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HLAA 2022 Research Symposium

Cochlear Implants: What’s new? What’s next? 

The first cochlear implants (CIs) were introduced in the 1970s, but the technology remains relatively poorly understood and underused in the hearing loss community. The HLAA 2022 Research Symposium addressed the knowledge gap around CIs, explored who is a potential candidate for implantation, what’s involved in treatment, and how CI technology has changed and will change further in the future. A mix of clinical information and science, this session is a “must see” for anyone with hearing loss.

Our Presenters

Christine Dinh
Christine Dinh, M.D.

Associate Professor of Otolaryngology, University of Miami

Christine Dinh, M.D., is an associate professor of otolaryngology at the University of Miami Miller School of Medicine. She specializes in otology, neurotology and lateral skull base surgery, treating patients with disorders of hearing and balance. She is also a surgeon scientist who runs a research laboratory that focuses on developing new therapies to improve hearing outcomes following cochlear implantation and treat patients with a condition called vestibular schwannomas. Dr. Dinh is passionate about finding novel and effective solutions that will improve hearing loss in patients.

Justin Golub
Justin Golub, M.D.

Associate Professor of Otolaryngology, Columbia University 

Justin S. Golub, M.D., M.S. is an associate professor of otolaryngology—head and neck surgery at the Columbia University Vagelos College of Physicians and Surgeons and New York-Presbyterian/Columbia University Irving Medical Center. He attended Emory University School of Medicine, residency in otolaryngology-head and neck surgery at the University of Washington in Seattle and fellowship in neurotology at the University of Cincinnati. He obtained a masters in biostatistics/patient-oriented research at the Columbia University Mailman School of Public Health. Dr. Golub has an NIH-funded research program investigating the brain effects of age-related hearing loss. He has lectured internationally, and his research has been reported in The New York Times. He is also a leading pioneer in minimally invasive endoscopic ear surgery. Clinically he is interested in optimizing treatment of age-related hearing loss and improving outcomes using endoscopic ear surgery.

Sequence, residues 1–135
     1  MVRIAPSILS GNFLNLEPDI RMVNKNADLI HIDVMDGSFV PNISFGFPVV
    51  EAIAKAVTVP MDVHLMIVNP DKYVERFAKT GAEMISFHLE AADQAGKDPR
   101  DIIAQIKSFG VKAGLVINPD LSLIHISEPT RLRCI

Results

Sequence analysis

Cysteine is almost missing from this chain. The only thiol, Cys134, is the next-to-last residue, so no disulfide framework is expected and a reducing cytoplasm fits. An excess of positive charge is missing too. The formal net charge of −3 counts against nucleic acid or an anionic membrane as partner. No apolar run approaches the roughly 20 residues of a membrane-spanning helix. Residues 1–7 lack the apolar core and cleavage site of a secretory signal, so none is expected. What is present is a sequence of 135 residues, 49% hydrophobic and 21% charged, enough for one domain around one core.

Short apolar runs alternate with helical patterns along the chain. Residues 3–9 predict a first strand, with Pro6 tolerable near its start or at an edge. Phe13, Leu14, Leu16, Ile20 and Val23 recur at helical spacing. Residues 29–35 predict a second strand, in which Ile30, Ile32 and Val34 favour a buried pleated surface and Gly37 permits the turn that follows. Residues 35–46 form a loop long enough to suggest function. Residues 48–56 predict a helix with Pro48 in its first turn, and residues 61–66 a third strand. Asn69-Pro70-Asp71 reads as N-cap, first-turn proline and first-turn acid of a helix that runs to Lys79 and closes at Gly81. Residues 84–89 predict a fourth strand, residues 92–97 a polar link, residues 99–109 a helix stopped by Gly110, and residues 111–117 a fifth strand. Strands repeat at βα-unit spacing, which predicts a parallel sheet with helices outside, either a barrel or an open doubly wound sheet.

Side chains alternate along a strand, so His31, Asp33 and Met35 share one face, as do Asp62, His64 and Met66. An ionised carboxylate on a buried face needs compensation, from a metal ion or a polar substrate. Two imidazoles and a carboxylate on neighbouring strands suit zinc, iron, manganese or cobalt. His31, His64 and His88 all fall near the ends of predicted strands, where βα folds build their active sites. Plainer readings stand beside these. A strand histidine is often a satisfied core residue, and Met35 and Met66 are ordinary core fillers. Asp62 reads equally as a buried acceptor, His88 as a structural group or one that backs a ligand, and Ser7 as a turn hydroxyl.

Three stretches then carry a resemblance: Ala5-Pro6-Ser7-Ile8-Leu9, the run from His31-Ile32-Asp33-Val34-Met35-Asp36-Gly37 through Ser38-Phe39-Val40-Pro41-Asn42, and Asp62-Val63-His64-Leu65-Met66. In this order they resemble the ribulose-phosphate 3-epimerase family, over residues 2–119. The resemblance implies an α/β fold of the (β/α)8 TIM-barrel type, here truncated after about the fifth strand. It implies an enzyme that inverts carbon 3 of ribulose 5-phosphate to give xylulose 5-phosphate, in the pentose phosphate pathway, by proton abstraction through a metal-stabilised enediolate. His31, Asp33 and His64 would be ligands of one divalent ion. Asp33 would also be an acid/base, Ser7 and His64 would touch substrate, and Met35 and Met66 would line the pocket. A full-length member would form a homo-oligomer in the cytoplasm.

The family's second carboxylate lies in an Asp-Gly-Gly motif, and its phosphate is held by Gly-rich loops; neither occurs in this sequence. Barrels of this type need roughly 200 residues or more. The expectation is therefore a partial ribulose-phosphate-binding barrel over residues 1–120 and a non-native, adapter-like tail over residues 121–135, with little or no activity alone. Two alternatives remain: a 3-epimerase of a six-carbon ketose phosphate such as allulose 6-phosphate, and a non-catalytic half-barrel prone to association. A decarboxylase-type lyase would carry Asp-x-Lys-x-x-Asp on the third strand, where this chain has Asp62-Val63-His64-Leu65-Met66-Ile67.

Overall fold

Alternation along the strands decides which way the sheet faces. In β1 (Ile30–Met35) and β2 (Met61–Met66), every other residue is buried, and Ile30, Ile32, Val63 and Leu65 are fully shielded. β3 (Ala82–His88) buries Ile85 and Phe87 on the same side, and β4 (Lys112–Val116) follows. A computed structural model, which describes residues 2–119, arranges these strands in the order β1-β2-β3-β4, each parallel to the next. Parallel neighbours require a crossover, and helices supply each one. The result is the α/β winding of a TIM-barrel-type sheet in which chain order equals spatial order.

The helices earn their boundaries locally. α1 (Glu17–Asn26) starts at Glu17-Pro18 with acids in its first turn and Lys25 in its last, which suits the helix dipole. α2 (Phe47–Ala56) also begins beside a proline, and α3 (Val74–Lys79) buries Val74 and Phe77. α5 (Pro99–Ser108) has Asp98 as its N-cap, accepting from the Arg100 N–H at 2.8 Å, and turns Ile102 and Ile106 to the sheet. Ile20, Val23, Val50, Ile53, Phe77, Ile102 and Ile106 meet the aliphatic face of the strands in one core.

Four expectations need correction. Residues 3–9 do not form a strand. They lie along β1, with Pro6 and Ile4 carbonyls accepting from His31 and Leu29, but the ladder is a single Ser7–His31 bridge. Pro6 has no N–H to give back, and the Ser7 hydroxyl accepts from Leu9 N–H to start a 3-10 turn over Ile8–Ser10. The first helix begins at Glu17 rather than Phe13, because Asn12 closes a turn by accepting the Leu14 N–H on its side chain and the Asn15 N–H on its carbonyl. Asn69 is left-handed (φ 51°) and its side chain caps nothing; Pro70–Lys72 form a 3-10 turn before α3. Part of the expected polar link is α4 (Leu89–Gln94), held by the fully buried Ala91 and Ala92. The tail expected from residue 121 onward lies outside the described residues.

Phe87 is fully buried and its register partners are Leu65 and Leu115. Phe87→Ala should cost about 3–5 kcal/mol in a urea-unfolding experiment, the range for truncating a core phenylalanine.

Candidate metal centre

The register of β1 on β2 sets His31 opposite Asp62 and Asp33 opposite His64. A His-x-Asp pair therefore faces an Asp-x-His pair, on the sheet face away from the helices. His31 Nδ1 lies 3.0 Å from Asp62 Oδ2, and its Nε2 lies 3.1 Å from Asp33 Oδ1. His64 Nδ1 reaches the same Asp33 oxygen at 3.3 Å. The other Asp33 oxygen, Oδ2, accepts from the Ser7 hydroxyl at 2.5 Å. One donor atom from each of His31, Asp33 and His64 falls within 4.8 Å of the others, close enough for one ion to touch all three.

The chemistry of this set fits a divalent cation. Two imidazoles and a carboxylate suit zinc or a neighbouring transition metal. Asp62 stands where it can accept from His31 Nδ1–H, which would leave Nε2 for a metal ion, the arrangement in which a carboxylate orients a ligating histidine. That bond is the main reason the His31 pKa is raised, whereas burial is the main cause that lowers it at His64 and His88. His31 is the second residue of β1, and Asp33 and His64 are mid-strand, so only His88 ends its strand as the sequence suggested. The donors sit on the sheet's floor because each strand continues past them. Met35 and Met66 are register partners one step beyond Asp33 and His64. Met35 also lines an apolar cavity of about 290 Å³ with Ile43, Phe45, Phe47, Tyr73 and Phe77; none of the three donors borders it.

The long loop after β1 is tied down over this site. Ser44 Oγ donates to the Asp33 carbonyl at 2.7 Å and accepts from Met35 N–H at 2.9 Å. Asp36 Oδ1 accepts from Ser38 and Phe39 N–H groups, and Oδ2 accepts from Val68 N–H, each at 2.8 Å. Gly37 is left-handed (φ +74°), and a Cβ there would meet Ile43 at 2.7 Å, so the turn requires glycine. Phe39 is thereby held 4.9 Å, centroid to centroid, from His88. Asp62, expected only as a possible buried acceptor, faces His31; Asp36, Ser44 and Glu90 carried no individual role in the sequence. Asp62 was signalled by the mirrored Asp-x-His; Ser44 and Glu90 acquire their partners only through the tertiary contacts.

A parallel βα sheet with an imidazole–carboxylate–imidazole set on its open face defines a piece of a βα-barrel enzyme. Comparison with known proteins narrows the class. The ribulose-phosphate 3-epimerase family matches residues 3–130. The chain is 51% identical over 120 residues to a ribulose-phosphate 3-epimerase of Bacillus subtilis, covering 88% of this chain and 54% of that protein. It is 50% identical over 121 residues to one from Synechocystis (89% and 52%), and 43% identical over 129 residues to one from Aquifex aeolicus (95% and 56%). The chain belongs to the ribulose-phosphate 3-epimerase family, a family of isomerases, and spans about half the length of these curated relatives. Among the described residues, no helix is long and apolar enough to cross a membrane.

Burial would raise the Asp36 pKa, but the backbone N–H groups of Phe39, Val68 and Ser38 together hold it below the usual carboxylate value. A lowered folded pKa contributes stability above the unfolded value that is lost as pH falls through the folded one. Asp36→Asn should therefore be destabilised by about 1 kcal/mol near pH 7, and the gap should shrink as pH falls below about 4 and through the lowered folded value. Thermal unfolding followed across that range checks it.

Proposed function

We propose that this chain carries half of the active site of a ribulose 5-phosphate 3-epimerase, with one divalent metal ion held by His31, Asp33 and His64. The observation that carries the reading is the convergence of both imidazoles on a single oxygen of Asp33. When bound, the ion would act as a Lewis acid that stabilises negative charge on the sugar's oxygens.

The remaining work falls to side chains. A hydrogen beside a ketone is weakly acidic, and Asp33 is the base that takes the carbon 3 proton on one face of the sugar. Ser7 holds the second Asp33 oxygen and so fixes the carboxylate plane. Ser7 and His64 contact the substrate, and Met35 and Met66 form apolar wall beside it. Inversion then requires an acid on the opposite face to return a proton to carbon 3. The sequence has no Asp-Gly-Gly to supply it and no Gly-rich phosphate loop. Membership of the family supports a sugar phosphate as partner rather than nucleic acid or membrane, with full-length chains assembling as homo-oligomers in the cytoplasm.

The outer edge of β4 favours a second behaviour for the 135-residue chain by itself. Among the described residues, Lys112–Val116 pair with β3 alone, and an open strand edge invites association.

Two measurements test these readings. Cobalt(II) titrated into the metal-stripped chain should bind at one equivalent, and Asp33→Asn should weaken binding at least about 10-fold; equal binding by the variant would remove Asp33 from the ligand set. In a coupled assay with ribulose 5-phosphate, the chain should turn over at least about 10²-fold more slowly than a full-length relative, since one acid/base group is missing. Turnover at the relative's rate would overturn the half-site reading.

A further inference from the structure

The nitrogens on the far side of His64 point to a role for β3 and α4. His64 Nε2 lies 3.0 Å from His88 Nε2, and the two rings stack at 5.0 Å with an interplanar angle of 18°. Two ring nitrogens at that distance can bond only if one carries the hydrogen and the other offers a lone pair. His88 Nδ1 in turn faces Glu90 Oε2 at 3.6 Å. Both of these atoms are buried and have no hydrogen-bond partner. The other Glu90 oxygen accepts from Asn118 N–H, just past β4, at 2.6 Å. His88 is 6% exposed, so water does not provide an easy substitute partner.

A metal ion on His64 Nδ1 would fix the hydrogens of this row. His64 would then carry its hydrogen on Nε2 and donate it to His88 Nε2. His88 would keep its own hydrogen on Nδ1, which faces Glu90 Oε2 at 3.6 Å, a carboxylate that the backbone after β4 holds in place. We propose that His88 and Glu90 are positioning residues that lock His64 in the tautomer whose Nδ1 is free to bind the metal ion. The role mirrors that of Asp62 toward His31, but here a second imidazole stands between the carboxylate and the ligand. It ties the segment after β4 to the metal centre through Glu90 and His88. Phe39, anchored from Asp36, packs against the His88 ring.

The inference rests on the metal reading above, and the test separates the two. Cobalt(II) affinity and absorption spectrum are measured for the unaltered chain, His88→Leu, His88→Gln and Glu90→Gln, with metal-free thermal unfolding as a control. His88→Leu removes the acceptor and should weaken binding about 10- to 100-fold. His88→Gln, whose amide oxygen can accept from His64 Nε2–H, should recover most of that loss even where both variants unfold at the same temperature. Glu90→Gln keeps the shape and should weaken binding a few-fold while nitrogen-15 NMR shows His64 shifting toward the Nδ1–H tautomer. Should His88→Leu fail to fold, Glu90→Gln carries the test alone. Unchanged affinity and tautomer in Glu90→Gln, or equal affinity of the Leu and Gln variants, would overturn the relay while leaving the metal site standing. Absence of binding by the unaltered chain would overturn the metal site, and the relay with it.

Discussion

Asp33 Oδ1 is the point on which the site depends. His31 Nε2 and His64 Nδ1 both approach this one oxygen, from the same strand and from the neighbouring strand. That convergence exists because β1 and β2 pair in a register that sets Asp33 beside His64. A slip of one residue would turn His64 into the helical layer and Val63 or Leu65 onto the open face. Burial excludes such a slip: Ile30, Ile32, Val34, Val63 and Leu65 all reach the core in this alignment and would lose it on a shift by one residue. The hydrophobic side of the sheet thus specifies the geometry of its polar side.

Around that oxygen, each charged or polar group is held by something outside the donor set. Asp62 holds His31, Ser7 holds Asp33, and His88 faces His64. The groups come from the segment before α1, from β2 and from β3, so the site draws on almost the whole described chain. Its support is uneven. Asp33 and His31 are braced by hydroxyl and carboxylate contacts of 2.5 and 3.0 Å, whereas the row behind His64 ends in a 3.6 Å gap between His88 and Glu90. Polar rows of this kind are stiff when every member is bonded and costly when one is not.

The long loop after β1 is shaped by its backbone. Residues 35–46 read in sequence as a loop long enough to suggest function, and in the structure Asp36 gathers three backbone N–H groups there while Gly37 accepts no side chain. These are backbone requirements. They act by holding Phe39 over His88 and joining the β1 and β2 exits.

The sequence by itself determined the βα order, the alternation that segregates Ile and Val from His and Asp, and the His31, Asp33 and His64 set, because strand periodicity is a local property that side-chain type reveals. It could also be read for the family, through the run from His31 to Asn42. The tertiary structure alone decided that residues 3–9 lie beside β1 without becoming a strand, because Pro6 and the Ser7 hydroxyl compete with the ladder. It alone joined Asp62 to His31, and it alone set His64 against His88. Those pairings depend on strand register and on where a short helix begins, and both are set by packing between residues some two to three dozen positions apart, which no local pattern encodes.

Candace Hobson
Candace Hobson, M.D.

Assistant Professor of Otolaryngology Head and Neck Surgery, Emory University

Candace Hobson, M.D., is an assistant professor in the department of otolaryngology – head and neck surgery at Emory University. A native-Texan, Dr. Hobson completed her undergraduate degree in electrical engineering at Rice University in Houston, Texas. She subsequently earned her medical degree from the University of Texas School of Medicine, San Antonio. Dr. Hobson completed her otolaryngology residency training at the University of Pittsburgh Medical Center and her neurotology fellowship at the University of California-San Diego. She returned to serve as faculty in the University of Pittsburgh the Department of Otolaryngology for two years before joining the Emory faculty in 2019.

Diane Martinez
Diane Martinez, Au.D.

Cochlear Implant Audiologist, University of South Florida

Diane Martinez, Au.D., is a cochlear implant (CI) audiologist and current student in the Communication Sciences and Disorders Ph.D. program at the University of South Florida. Prior to starting at USF in the fall of 2021, she worked as a CI audiologist at the University of Miami’s department of otolaryngology Cochlear Implant Program. During her 15 years there, she provided cochlear implant programming and evaluation services for adults and children. She also provided clinical education to audiology interns, externs and domestic and international visiting professionals. Specialized training and education include: cochlear implant programming with the use of objective measurements, cochlear implant evaluations and how to treat the adult Spanish-speaking cochlear implant candidate/recipient.

The 2022 Research Symposium is supported, in part, by a grant from the National Institute on Deafness and Other Communication Disorders, National Institutes of Health (Award Number R13DC017913).